Children often think of getting a car when they turn 16 or 17, but most families can’t afford that kind of expense. However, if your child has saved up, there might be some opportunity to get some kind of reliable used car. You can potentially consider offering to split the cost or pay for insurance.
Reinforce health money habits at ages 11-14
This is really the age to start reinforcing the money habits you taught your children earlier on. Make sure chores are done and allowances are earned. Have them start using their money to buy the things they want instead of you making these purchases. This is one of the critical points of finance for kids, making sure they understand that the things they want cost something.
Expand on the idea of earning money outside the home with babysitting, washing neighbors’ cars or cleaning their yards, etc. Making more money is a perfect opportunity to discuss again the idea of saving, spending and helping others through charitable giving.
Introduce them to the magic of compound interest.
We know what you’re thinking. You can barely get your teen to brush their hair—how in the world are they supposed to become investment savvy? The earlier your teen can get started investing, the better. Compound interest is a magical thing! Introduce your teen to it at an early age, and they’ll get a head start on preparing for their future.
Teach them contentment.
Your teen probably spends a good chunk of their time staring at a screen as they scroll through social media. And every second they’re online, they’re seeing the highlight reel of their friends, family and even total strangers! It’s the quickest way to bring on the comparison trap.
Stress the importance of giving.
Once they start making a little money, be sure you teach them about giving. They can pick a church, charity or even someone they know who needs a little help. Eventually, they’ll see how giving doesn’t just affect the people they give to, but the giver as well.
Show opportunity cost.
That’s just another way of saying, “If you buy this video game, then you won’t have the money to buy that pair of shoes.” At this age, your kids should be able to weigh decisions and understand the possible outcomes.
Have kids make their own payments.
You may help your child get a loan or credit card, but before you do, make sure your child knows he or she will be responsible for making the payment. Talk to them about making choices they can afford, and impress upon them the fact that they must make regular payments. My parents made it clear to me that if they ended up making the car payments, I would no longer have the car to drive.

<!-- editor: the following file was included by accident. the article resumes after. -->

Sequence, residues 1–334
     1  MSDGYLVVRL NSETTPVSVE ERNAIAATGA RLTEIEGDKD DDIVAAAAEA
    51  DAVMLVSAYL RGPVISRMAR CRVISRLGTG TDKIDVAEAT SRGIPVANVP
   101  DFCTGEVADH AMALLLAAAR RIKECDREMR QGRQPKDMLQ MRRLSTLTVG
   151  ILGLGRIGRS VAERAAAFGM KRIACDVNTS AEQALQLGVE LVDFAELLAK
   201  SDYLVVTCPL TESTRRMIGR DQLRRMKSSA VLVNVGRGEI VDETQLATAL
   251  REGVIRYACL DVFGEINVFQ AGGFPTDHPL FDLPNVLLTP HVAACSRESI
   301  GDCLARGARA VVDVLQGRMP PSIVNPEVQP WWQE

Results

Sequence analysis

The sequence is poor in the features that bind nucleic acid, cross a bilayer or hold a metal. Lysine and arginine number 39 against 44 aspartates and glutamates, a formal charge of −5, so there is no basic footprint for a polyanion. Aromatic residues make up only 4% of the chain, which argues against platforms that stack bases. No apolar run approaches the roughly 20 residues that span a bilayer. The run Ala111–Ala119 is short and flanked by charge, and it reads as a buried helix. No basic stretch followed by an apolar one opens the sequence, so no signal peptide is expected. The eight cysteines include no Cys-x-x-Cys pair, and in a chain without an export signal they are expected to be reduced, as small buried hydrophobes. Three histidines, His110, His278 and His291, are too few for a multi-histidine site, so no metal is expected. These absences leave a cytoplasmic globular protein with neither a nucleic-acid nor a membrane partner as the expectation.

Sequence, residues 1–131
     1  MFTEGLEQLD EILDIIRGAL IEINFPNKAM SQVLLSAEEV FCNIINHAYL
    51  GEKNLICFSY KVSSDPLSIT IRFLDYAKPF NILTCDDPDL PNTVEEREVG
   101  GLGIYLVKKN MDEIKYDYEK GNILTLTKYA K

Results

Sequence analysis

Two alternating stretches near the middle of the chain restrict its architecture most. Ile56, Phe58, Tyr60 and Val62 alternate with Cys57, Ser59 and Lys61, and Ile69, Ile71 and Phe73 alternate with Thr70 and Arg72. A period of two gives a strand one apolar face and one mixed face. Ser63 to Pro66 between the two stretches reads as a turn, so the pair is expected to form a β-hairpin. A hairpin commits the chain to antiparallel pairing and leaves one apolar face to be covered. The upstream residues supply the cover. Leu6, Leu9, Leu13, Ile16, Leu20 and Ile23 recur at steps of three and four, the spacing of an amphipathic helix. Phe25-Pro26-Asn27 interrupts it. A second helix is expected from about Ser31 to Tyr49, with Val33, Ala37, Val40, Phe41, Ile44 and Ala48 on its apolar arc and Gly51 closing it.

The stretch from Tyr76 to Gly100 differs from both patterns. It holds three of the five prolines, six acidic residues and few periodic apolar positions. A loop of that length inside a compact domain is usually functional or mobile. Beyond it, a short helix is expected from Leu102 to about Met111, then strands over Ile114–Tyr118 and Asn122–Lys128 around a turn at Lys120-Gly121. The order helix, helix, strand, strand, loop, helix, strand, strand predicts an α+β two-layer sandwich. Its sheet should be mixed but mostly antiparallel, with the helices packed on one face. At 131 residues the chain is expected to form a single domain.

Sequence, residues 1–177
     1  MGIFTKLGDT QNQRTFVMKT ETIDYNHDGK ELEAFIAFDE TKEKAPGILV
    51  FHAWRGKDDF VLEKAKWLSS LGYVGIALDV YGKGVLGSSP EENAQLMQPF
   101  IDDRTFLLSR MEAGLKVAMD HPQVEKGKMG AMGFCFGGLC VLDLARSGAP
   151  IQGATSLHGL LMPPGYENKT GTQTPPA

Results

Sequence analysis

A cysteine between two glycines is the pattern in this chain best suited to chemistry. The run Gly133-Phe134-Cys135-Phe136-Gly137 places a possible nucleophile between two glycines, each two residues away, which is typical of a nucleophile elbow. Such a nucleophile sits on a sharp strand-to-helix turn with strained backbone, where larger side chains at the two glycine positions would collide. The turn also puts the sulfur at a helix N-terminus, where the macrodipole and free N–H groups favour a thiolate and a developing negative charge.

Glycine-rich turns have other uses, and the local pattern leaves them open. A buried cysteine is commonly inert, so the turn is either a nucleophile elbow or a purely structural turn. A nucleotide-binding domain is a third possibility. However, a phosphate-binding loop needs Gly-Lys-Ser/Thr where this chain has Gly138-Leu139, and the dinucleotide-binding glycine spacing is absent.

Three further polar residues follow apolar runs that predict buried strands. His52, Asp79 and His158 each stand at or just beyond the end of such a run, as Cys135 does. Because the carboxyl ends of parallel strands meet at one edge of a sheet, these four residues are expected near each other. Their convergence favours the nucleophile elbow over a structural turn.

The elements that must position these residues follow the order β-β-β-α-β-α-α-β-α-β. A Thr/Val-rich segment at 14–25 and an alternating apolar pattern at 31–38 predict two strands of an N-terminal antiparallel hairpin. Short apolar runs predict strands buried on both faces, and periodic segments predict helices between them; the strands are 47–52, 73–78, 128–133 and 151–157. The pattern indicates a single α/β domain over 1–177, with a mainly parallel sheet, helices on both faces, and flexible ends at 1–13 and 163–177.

Be clear about interest.
This is very important in terms of credit cards. Show them interest charges on credit card bills. I have saved some of my old credit card bills — from the days when I was somewhat careless of carrying balances — to show my son when he’s older. Point out that interest doesn’t provide any return value. All it does is make someone else rich. Point out that credit cards represent someone else’s money, and that this is why they should pay off their balances every month. Even if you don’t get your child a credit card, this is still an important lesson to teach. Who knows what he or she will do later on.
Do some math.
Older kids are big enough to start learning about the actual math of things like compound interest. Look up a good compound interest calculator, and run some scenarios. Look at how much they can save in 20 years saving just $50 a month. Then look at how much they’ll pay if they make the minimum payments on a car loan or student loan. Seeing the numbers laid out can be helpful for most kids.
Give them responsibility.
If kids are able to use their money for only what they want, they won’t likely have to make hard choices. You’re providing for all their needs. So they just have to decide which toy, video game, or designer whatever they want next. But you can help them become more financially responsible if you put some of the onus on them.
For instance, give them part of their clothes spending budget for the year, but make them responsible for their own back to school shopping. If they make some mistakes, let them. They’ll figure it out. And it’s better that they do this now than when they’re in their twenties with a lot more than designer jeans at stake.